I rarely discuss my professional life online so as to allow me to keep my personal opinions just that–personal. The events of the last month or so have been so profound in their impact and implications that I’ve decided to waive that restriction on this occasion. However, the usual caveat applies: the views expressed herein are mine and do not necessarily reflect those of any Member of the House of Representatives.
My wife and I were a front-page New York Times story the day before Halloween 1996. The scandal of the day was the Pentagon-CIA cover up of known or potential chemical agent exposures among Desert Storm veterans. It became known in the press as Gulf War Syndrome, a form of short-hand to describe the constellation of debilitating neurologic and other symptoms plaguing roughly one in three of the nearly 700,000 U.S. troops who served in the war. One of our chief contributions to laying bare the true history of the war was discovering the depth of the fraud behind the government’s claims that no Iraqi chemical weapons had been forward deployed into the theater, a fact the CIA would be forced to acknowledge six months after we went public.
I’ve chronicled all of this in two books, most recently in my memoir, but the short version is this: we met with not only hostility and opposition to our allegations inside the Agency, but I was subjected to at least one and possibly several more bogus security investigations in an effort to either intimidate us into silence, find a flimsy excuse for firing us, or both. At every internal briefing we gave on this topic, a CIA Office of General Counsel attorney was in the room–and that same attorney tried to block us from briefing a Presidential advisory commission staff delegation sent to hear our allegations. When it became clear we were getting nowhere internally, I went off the reservation.
In March 1995, I delivered more than 75 classified documents to the Senate Select Committee on Intelliegence (SSCI) that directly supported our assertions, just before the CIA director confirmation hearings for John Deutch, who had been the Pentagon’s public point man in dealing with the GWS controversy. I had a source in Deutch’s office who was adamant that Deutch was lying about the lack of chemical exposures among our troops and that there was an organized effort to screen data that might cause DoD PR problems, an allegation that was verified once the “Wallner memo” surfaced in 1996.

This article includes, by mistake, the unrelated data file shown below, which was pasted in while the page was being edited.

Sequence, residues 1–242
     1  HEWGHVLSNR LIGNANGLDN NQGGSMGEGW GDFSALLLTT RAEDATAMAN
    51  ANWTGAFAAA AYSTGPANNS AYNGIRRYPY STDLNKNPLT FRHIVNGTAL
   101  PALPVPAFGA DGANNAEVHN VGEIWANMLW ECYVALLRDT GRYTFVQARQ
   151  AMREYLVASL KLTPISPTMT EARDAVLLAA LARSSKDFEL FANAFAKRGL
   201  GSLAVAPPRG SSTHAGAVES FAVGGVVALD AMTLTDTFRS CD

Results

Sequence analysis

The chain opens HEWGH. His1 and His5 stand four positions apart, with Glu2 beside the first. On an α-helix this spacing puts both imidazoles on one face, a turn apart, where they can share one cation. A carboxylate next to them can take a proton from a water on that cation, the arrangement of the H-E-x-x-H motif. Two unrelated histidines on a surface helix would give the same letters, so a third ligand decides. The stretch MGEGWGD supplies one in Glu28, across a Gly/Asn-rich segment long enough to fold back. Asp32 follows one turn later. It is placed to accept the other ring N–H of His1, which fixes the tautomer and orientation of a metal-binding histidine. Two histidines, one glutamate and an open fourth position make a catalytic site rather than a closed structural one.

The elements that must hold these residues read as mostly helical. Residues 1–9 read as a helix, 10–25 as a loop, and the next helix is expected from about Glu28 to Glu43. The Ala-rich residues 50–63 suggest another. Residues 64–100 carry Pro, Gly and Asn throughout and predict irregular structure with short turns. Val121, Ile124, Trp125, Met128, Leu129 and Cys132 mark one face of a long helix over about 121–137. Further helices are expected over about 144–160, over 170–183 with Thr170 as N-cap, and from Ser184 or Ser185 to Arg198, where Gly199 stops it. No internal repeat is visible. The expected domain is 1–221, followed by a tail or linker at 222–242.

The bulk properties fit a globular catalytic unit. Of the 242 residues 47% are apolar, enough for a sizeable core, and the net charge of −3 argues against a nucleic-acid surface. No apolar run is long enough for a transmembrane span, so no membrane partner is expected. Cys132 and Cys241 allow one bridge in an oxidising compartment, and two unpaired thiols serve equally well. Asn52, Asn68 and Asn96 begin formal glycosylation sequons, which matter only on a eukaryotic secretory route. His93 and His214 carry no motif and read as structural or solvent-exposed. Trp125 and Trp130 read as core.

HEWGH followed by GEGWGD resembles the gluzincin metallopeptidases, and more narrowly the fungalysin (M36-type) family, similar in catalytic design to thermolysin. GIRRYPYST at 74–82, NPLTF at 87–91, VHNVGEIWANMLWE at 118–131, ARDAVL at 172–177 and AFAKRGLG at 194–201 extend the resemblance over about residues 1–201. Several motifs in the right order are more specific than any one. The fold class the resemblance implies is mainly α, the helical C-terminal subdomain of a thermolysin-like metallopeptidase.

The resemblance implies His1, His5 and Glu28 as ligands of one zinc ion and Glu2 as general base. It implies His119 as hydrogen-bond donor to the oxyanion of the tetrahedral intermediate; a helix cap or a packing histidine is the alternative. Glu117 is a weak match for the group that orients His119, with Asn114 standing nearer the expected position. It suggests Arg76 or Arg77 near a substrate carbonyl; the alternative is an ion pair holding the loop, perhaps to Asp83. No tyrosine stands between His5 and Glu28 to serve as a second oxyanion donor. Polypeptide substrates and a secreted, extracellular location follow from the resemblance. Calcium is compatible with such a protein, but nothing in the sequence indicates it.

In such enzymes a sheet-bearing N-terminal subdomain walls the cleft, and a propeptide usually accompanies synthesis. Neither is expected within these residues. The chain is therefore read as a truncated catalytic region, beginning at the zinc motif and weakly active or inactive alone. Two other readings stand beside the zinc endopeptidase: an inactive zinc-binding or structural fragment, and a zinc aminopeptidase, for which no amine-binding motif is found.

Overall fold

Despite my having put the veritable smoking gun in their hands, the SSCI chairman, the late Senator Arlen Spector, didn’t ask Deutch a single question about our allegations. Shortly after going public, my wife and I got even worse treatment from the House Permanent Select Committee on Intelligence (HPSCI) and the House Committee on Armed Services (HASC). The only House members who took our allegations seriously were House Oversight and Government Reform Committee members Chris Shays (R-CT) and Bernie Sanders (I-VT). I testified before the National Security subcommittee on December 10, 1996 and some of our core allegations were contained in the subcommittee’s 1997 report. I ultimately made my way to Capitol Hill where I’ve tried to put the lessons from that experience to use:
Claiming that making classified information public will “jeopardize national security” is the last refuge of bureaucrats and politicians with something to hide.
If you challenge the veracity of IC officials’ claims, they will utilize every weapon available to them to silence, intimidate or discredit you.
HPSCI and SSCI, the committees set up to rein in the Intelligence Community (IC) in the wake of the domestic spying scandals that surfaced in the 1970s, have instead become enablers of the very kind of behavior they were created to prevent.
Few in Washington care about IC misconduct unless the public makes them fear the consequences of not doing something about it.